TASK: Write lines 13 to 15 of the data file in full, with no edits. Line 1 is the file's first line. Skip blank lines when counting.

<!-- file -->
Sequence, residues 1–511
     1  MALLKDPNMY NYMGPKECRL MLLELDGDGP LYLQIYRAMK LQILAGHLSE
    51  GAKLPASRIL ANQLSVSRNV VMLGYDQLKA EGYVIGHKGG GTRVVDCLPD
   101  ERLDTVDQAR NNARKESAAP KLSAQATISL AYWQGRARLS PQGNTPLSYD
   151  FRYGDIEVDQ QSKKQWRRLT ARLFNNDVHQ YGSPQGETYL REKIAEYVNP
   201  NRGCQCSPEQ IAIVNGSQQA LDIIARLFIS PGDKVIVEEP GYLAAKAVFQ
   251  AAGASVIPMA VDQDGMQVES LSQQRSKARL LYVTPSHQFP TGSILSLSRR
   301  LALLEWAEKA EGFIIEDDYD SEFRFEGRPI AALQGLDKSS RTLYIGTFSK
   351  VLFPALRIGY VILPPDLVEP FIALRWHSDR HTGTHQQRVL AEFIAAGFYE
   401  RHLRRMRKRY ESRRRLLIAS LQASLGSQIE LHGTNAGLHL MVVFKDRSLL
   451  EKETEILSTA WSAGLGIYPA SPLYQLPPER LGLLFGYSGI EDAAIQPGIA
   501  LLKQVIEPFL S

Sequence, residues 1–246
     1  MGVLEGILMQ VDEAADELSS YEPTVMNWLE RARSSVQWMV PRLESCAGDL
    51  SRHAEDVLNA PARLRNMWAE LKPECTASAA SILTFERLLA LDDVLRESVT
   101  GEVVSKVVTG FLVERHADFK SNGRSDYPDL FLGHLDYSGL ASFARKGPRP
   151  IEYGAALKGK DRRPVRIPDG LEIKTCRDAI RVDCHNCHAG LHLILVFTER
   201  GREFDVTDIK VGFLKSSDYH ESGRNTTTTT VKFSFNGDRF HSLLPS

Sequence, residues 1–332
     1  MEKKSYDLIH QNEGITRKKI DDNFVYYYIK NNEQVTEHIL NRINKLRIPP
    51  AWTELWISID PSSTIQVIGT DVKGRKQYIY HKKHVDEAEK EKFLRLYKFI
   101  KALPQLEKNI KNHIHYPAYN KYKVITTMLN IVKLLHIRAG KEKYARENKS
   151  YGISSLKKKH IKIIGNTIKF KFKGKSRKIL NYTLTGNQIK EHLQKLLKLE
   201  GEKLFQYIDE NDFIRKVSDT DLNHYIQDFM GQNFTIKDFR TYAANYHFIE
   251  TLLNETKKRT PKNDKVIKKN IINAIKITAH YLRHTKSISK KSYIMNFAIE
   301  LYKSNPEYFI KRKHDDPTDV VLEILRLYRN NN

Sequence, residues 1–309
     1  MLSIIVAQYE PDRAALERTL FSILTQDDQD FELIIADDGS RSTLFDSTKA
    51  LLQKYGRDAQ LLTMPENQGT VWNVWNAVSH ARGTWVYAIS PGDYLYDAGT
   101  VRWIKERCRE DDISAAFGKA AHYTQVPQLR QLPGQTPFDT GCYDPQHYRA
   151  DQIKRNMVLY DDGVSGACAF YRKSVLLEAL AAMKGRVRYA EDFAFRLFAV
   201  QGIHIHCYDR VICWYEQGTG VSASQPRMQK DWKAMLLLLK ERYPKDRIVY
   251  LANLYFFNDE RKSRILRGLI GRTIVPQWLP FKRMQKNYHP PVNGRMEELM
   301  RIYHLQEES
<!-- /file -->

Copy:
Sequence, residues 1–246
     1  MGVLEGILMQ VDEAADELSS YEPTVMNWLE RARSSVQWMV PRLESCAGDL
    51  SRHAEDVLNA PARLRNMWAE LKPECTASAA SILTFERLLA LDDVLRESVT